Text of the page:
Last week, Chris Brown shared with the strange hangers-on to the fan club once known as Team Breezy that he’d be touring Australia in December with his One Hell of a Nite tour. Well, he hoped to, anyway: It’s possible that Australian authorities will block his entry to the country.
While Brown has disciples far and wide, Australia senator Michaelia Cash, who is Australia’s minister for women, is apparently more resistant to his charms. Because Brown pled guilty to assault in 2009 for beating his then-girlfriend Rihanna, Cash announced at a press conference in Melbourne that there was a likelihood the government would not approve Brown’s visa application.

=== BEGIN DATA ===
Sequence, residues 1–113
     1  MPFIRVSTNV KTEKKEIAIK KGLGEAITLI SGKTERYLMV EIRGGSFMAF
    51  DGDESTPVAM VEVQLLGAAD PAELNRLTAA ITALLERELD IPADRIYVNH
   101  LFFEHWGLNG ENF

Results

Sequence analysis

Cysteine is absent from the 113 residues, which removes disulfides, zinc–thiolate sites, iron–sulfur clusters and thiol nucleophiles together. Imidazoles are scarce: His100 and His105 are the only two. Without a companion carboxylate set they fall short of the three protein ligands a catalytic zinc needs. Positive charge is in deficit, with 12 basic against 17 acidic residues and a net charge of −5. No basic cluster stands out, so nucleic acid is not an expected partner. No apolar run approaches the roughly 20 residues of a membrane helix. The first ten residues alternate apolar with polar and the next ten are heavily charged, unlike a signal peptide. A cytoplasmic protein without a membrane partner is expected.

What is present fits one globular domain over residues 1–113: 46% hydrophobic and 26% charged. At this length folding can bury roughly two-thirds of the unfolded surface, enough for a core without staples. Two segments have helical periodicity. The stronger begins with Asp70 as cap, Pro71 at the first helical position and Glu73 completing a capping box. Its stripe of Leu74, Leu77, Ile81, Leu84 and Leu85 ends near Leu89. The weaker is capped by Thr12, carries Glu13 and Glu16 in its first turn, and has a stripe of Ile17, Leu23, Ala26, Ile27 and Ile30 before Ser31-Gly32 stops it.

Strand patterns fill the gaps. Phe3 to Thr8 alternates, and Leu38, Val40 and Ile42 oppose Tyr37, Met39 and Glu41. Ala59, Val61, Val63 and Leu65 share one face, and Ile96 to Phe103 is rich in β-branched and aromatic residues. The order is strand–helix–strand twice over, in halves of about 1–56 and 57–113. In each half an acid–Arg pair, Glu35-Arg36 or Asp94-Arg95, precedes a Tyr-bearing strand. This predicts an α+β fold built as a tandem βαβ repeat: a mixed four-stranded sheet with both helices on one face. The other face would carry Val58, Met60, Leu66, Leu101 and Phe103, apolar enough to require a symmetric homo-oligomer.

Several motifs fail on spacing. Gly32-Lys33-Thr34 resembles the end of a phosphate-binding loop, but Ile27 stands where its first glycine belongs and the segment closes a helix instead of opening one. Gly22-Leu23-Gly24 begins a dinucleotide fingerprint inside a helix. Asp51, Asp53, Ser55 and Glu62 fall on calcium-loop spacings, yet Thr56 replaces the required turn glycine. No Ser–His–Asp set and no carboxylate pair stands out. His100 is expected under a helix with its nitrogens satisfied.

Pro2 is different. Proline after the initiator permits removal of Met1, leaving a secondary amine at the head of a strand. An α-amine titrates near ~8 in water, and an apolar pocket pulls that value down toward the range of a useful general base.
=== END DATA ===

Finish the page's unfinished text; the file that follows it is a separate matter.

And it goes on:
“People need to understand, if you are going to commit domestic violence and you want to travel around the world,” she said at a press conference connected to a national domestic-violence program. “There are going to be countries that say to you, ‘You cannot come in because you are not of the character that we expect in Australia.’” This is not the first time the Australian government has taken this action. In February, Floyd Mayweather was denied entry on similar grounds.
Cash isn’t alone in her sentiments. A petition protesting Brown’s tour, one that begins with “No, Chris Brown. You’re not welcome in Australia,” already has more than 12,000 signatures.